Long Live the Weeds, and the Wilderness
Rollrock farm has even more weeds than rocks, and since eradication is not realistic, the weeds and I are modus vivendi. The central Oregon climate can be brutal on plants, and yet year after year these weeds flourish, and I have to respect that. The most tenacious of the weeds, Russian Thistle (sometimes called tumbleweed), turns a beautiful red or orange in the fall.
The wilderness is adjacent to the farm, in the form of 32,000 acres of recreation area managed by the Federal Bureau of Land Management. It is mostly juniper forest, and home to all kinds of wildlife, but deer and coyotes in particular. The deer graze nonchalantly on my field; the coyotes serenade me at night.
Inversnaid is a luxury of language, with playful, painterly words that tumble down just like that stream. Rollrock Farm is my luxury, or one of them anyway. Most of the time I live in the city, but here I have space, sky, fresh air and something wild.
This is why I ended up with a farm. Note, I did not say, "This is how I ended up as a farmer." Yet the farm must have a crop, for tax zoning reasons and to preserve irrigation rights. The previous owner planted hay the year he sold the farm to me, so I tried that for a few years, or rather hired people to try it for me. This is called "custom farming." I do not recommended it.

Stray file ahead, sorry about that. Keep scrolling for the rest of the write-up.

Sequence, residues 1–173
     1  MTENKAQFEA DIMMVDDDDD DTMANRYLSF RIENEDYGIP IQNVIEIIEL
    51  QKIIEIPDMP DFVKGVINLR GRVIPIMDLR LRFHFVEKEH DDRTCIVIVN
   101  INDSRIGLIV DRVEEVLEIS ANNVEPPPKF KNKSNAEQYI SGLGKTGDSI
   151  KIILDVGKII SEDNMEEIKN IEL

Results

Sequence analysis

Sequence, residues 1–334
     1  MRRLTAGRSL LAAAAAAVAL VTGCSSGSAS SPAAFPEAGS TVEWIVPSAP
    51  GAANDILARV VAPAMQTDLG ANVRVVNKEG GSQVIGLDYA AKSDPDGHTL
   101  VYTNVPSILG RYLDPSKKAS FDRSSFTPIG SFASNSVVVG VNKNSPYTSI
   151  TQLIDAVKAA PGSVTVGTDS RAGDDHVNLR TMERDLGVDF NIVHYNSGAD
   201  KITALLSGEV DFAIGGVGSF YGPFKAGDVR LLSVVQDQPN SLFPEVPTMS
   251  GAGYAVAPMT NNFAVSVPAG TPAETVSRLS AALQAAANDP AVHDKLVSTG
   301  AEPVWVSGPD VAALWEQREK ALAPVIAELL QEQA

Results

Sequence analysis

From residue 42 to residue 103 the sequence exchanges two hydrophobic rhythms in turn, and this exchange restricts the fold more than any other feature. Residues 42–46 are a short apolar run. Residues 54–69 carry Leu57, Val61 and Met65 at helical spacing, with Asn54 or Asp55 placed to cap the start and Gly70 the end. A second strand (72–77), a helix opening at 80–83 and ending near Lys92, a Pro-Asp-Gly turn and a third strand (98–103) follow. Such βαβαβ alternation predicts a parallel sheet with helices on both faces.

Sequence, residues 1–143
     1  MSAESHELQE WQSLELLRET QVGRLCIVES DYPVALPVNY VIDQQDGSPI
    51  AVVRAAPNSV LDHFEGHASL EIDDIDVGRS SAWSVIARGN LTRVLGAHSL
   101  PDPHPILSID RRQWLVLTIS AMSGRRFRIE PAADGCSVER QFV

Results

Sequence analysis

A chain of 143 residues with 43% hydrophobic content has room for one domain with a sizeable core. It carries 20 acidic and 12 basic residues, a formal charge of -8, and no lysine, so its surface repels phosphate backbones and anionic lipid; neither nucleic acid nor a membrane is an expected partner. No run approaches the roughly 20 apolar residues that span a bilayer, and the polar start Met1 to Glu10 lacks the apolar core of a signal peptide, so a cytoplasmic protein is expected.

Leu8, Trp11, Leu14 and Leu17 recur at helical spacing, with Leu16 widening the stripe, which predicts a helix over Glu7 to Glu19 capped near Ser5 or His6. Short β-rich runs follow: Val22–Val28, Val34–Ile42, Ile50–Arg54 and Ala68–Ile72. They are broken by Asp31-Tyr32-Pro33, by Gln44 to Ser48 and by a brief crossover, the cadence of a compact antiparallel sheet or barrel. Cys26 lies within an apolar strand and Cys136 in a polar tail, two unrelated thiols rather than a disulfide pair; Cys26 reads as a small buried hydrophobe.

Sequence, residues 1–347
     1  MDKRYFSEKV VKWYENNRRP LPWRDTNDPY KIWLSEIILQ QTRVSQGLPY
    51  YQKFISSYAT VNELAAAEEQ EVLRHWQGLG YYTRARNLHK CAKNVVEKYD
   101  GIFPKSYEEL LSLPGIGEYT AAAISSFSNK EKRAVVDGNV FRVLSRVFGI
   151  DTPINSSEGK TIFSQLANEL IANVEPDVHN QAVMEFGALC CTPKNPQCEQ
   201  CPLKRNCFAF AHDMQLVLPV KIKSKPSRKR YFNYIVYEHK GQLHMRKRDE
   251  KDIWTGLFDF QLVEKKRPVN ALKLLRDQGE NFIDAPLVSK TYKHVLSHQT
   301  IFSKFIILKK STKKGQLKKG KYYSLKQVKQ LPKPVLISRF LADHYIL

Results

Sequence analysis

Inspired by those weeds and the wilderness, I next had half the average planted in pollinator forage, which some might describe as weeds. Pollinators are in serious jeopardy in central Oregon. With the help of some experts, including ApisM, Bee and Butterfly Org, and the pollinator expert at Oregon State, I sowed a custom-blended pollinator seed mix. It is mostly clover, in multiple varieties so it will bloom all season. The first year yielded more weeds, i.e., plants I don't want growing in the field, than anything. Plus, now the hay planting I starved for water and burned in preparation of this planting came back in many areas--ironically now my most pernicious weed.
But, there was some clover hiding among the weeds, and the phacelia was remarkably successful, even though the deer loved to much the blooms off the tops. We'll see what the field looks like next year. I will keep you posted.
Phacelia. It is used as a cover crop in many places, because of its nitrogen-fixing qualities